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June 1, 2010

Quieting the critics

In the moments after Missouri's fifth consecutive NCAA Tournament win-a 7-2 domination of Oregon-the ESPN announcer for the game concluded the broadcast by saying, "Missouri doesn't do anything all that well, but they just keep winning games..."

Head coach Ehren Earleywine, who had just concluded an interview with the ESPN crew and may or may not have heard the statement, understands that most feel his team shouldn't be where it is-preparing for its second consecutive Women's College World Series.

"I think everybody had their doubts about this team," Earleywine said. "A lot of people say, 'Well, you got a good draw. You got Oregon and they weren't seeded.' Well, Oregon beat Georgia Tech and Georgia Tech was a team that everybody was picking to go to the World Series. So Oregon did something right. You know, Illinois last weekend was supposed to come out of our region. You know, people can cross that any way they want to cross it up, but at the end of the day, we're going back to the World Series and we're very proud of that."

On March 21st, Chelsea Thomas pitched a complete game victory over Northwestern. That came a little more than two weeks after Thomas threw a no-hitter against St. Louis University, allowing just one ball out of the infield. Missouri stood 22-and-3 after that win over Northwestern and was ranked third in the nation. Thomas was 12-and-1. It would be the last time she would pitch, losing the rest of her sophomore season to a stress fracture in her pitching arm.

Over the next ten games, Missouri went 5-and-5, capped by a 10-2 mercy rule loss to Texas. Things were bleak in Columbia. A season once pointed straight toward a serious national title run now seemed to be going nowhere in particular.

"I think when Chelsea went down, a lot of other people counted us out," said freshman shortstop Jenna Marston. "But I think we all knew that we still have the talent and still the pitching. Kristin (Nottelmann) has stepped up and done a great job and Jana (Hainey) is still a great pitcher and I think we've got a great pitching staff even without Chelsea."

That may be easy to say now. Since the ten-game mini-skid, Mizzou is 24-and-3, averaging 6.67 runs per game and allowing just just 2.44. The Tigers have established a new school record with 51 wins. Nottelmann has thrown every inning of Missouri's five NCAA wins. She is 5-and-0 with an earned run average of 1.00. She allowed just one earned run to Oregon in two games. The Ducks had scored 15 runs in 13 innings in two wins over No. 8 national seed Georgia Tech last weekend. No one was more surprised by Nottelmann's performance than her coach, who said she had subpar velocity both days.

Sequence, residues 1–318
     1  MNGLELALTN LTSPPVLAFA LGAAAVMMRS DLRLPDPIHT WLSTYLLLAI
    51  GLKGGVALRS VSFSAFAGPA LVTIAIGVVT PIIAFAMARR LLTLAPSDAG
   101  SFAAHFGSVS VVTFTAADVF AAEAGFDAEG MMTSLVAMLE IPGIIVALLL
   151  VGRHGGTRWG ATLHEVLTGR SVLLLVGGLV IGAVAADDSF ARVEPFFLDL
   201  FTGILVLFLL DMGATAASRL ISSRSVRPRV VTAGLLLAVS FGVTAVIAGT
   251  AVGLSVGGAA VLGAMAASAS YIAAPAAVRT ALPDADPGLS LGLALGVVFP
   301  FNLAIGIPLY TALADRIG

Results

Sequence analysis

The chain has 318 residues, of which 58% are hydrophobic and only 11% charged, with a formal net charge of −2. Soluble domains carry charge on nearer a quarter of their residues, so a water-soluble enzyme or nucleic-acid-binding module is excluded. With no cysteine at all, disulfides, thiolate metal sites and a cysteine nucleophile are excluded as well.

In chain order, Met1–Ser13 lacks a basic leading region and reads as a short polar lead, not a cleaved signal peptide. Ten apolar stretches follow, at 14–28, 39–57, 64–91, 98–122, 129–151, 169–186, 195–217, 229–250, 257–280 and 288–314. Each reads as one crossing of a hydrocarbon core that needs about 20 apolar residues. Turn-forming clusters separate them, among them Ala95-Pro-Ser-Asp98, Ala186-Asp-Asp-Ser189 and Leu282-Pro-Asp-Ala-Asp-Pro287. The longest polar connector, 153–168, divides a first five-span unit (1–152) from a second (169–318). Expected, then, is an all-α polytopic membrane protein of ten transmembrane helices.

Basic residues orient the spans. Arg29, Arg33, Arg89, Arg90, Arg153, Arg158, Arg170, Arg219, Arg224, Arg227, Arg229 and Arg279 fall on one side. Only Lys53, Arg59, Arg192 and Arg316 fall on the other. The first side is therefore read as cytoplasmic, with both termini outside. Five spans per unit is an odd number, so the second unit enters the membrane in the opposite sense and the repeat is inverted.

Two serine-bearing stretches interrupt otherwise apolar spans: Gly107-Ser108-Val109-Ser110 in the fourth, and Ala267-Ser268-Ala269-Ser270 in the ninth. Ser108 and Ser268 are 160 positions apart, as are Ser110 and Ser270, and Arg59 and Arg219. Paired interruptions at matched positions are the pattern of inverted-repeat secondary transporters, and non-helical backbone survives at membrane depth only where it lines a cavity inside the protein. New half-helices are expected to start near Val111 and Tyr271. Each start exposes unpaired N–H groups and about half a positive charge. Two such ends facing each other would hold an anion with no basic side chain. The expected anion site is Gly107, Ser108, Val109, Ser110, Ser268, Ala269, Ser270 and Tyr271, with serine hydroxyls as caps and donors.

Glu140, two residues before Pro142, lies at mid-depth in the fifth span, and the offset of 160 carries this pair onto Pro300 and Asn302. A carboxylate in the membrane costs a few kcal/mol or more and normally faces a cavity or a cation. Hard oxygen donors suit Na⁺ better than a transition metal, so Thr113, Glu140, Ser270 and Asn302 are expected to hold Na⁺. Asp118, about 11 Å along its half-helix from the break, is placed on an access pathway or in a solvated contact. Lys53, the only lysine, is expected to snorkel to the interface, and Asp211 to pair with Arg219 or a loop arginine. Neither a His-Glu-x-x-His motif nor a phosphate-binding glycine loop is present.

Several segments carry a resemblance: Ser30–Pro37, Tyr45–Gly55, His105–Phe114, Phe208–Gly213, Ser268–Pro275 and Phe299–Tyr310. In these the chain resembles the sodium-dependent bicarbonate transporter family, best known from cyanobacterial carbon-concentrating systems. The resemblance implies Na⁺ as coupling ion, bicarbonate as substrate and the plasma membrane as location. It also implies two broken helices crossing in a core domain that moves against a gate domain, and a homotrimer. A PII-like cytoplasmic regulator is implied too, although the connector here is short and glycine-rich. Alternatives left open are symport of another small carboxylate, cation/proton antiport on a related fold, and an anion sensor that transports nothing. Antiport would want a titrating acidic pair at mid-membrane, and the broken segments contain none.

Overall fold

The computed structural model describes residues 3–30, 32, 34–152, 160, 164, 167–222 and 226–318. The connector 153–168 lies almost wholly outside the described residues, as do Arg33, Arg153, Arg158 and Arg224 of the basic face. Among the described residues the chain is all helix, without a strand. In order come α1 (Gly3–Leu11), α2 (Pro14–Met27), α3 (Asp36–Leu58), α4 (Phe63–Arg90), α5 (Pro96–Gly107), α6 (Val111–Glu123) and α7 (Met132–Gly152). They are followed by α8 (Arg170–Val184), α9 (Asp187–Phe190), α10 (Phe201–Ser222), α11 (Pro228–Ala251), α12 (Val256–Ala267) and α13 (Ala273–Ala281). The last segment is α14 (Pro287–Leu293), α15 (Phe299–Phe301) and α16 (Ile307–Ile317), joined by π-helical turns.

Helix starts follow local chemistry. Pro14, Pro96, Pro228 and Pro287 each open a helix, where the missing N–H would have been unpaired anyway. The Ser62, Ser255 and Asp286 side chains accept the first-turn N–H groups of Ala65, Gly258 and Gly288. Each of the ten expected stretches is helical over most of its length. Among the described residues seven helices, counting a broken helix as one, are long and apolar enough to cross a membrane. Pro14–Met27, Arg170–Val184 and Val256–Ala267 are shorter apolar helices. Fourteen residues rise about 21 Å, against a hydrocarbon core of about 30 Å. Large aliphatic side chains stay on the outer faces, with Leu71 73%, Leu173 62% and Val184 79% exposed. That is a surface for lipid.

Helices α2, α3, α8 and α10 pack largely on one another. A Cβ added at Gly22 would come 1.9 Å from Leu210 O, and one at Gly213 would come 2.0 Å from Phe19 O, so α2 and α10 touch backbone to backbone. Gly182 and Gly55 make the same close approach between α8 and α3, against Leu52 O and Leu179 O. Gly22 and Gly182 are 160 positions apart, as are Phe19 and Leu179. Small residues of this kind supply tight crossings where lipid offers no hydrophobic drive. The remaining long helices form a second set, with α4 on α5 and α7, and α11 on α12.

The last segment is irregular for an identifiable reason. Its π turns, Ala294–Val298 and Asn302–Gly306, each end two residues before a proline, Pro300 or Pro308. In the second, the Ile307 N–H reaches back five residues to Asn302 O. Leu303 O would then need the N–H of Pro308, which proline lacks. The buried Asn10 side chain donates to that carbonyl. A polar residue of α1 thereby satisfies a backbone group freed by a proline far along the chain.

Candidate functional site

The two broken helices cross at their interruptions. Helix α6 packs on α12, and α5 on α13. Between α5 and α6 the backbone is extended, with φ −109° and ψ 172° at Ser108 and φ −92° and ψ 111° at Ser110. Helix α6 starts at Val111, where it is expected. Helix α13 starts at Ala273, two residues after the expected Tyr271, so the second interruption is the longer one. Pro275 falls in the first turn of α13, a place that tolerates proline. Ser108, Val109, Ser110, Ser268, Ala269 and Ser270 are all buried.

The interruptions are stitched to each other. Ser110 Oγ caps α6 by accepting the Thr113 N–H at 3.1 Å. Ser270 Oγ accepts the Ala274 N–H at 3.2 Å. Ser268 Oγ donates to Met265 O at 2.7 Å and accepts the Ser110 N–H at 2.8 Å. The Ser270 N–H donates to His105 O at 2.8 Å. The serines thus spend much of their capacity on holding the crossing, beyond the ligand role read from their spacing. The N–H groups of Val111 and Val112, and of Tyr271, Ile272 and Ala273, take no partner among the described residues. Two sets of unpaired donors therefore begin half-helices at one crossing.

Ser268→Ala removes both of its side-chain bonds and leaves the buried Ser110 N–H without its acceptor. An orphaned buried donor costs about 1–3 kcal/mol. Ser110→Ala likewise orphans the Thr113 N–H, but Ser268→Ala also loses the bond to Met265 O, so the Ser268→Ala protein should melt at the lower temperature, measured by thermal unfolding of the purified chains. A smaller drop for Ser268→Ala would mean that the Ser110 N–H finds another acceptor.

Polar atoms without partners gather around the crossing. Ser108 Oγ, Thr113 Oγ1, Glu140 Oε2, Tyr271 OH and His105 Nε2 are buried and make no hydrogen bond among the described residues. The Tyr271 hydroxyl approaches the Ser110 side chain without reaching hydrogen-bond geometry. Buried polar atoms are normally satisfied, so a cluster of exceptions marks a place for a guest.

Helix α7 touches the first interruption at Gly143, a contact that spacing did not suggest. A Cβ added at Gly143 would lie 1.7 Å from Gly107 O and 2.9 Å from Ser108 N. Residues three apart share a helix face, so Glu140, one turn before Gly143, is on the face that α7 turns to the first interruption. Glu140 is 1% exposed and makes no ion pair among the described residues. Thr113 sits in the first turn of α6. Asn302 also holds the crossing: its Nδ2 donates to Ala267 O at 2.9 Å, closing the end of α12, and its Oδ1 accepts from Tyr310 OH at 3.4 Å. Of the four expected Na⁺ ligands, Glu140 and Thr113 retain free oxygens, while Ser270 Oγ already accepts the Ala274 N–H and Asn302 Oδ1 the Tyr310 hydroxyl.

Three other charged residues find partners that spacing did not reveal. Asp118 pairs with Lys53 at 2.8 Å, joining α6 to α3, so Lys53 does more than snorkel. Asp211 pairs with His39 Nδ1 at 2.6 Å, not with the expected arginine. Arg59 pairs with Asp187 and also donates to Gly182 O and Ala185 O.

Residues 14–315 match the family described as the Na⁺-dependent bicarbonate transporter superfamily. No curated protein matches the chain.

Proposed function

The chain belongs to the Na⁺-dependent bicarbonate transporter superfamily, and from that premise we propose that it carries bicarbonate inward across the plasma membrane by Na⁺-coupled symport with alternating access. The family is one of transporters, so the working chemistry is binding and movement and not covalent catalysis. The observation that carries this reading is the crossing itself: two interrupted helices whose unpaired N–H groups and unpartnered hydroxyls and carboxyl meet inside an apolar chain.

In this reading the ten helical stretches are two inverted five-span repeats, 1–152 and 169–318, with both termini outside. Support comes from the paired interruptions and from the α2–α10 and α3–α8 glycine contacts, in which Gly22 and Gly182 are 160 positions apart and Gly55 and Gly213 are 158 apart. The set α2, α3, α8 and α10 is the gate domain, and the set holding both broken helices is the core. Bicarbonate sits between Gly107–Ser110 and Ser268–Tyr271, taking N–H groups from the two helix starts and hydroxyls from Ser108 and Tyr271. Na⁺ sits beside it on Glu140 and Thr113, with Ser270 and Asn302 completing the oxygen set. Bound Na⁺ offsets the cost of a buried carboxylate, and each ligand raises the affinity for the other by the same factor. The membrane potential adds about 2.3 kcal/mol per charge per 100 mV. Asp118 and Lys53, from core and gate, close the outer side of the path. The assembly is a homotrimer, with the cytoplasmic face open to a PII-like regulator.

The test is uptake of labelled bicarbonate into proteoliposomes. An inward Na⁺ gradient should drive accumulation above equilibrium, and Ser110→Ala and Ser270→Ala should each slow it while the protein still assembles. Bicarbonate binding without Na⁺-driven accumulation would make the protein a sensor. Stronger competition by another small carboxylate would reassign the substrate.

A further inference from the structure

"Two months ago, Kristin couldn't have done that," Earleywine said. "She just did not have the confidence, didn't have the courage, she didn't have the toughness, she hadn't put the time in in the bullpen. She's just really developed into such a special kid.

"I would have never predicted it. It's not a knock on her, it's just the amount of distance she's come in such a short amount of time.

"It's been like, 'Kristin, when are you gonna dig in? When are you gonna care as much as we care?' Now, she's the best player we've got."

Asked about Earleywine's comments, Nottelmann shrugs her shoulders, which apparently aren't too worn out from carrying her team back to the brink of a national title.

"I just go out there and do what I know I can do," said the sophomore. "They can say whatever they want and I'll just keep doing what I do."

What she is doing is pitching as well as anyone in America. Only Georgia, winners by scores of 7-0 and 10-1 against Cal, allowed fewer runs in Super Regional play than the Tigers.

"I knew how good she was. I think she knew she could do that at this level, but I think obviously she stepped it up," Marston said. "I don't know what she's done differently, but she's turned some corner and it's been great."

"I think it's exciting to prove people wrong. Kristin, I think she goes out there and she's a winner," said outfielder Lisa Simmons. "She's proved it in the games, hit her spots and I can't really explain it. I think she explained it in the two games we played. She was great. Couldn't ask for a better performance."

Up next is Hawaii, the nation's leader in home runs as a team. Nottelmann throws her first pitch around noon Central time on Thursday. By then, there shouldn't be many doubters left.


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